The coronavirus pandemic fueled our society’s offering of online/virtual programming for our annual conferences and other meetings. Now, more people from around the world can interact in our functions thanks to lower costs and effort to participate. While the demand for such programming continues, many competing organizations have pivoted in a similar manner. Virtual attendance, at least for the foreseeable future, is an expected option and therefore one that requires excellence in the logistics and delivery platform to meet expectations.

SFS members and leadership have embraced and developed diversity, equity, inclusion, and environmental justice initiatives that position the society as a leader among science societies (e.g., JEDI Task Force since June 2000). As SFS continues to implement recommendations from the JEDI Task Force, we need our society members to take note, participate, and permanently embed DEI principles and culture in our society. Constantly improving our culture, inclusivity, and equity will strengthen our society by attracting new members, increasing our intellectual diversity and thus scientific understanding, and gain the public’s trust in our scientific solutions/recommendations for restoration, policy, management, and protection of freshwater resources. 

Last, we must collectively embrace, support, and elevate our journal. There are a growing number of competing journals, and the economic models sustaining traditional journal management continue to shift. The leaders of our journal need your support and encouragement through the sharing of ideas that are pivotal in navigating future changes to its management. Submission of our most robust work to our journal is more important the ever before. 

2. What do you think are the emerging challenges facing the Society for Freshwater Science (and other scientific societies)?
I believe that JEDI-related needs and issues will continue to emerge and challenge SFS and all environmental science societies. We must be a more diverse and inclusive society. Collectively, our science-based outputs and recommendations will need to address the inequities and injustices of environmental pollution and the degradation of freshwater systems, among other issues. Engaging and helping underrepresented and under-resourced communities will require not just our expertise but also cultural understanding and sensitivity.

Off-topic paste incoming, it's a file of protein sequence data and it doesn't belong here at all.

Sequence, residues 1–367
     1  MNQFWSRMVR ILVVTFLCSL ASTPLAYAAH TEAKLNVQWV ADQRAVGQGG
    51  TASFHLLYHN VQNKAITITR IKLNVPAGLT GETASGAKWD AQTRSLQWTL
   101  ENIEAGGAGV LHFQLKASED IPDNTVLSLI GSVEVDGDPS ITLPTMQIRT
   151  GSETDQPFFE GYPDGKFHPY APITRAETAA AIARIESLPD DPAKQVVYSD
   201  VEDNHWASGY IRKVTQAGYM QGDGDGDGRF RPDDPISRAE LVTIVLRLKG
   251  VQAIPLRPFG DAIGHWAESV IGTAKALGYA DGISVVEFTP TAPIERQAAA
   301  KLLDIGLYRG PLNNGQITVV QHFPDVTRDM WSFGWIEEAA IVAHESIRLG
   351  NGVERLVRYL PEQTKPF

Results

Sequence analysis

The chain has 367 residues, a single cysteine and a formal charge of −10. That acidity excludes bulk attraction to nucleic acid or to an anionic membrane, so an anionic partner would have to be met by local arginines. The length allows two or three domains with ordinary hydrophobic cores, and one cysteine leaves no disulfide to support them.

Requisite to engaging, improving, and leading JEDI-related work is our society’s ability to communicate effectively, especially to lay audiences and prospective members. We can make progress here by continuing to embrace and enhance collaborations with other societies and the Consortium of Aquatic Science Societies. Nevertheless, to stay relevant, attract new members, and help solve environmental challenges, we will need to continue to invest in and advance our ability to share our science and its collective impact to policymakers, students, freshwater practitioners, and the public at large. 

3. What are the emerging challenges for science in general, and the aquatic sciences in particular?
In my view, there are several “grand challenges” facing Earth and humanity that require our expertise: climate change, rapidly changing landscapes and human densities, and emerging contaminants. All of these challenges are multidimensional and threaten or degrade biodiversity, ecosystem function, and human health and safety. Further, inter- or transdisciplinary teams are required to address these problems. Scientists need to continue to do what we do best — develop knowledge and understanding of the problems and potential solutions — but we also need to collaborate with nonscientists to build and implement robust solutions and strategies that will translate science into policy, practice, and/or corrective actions.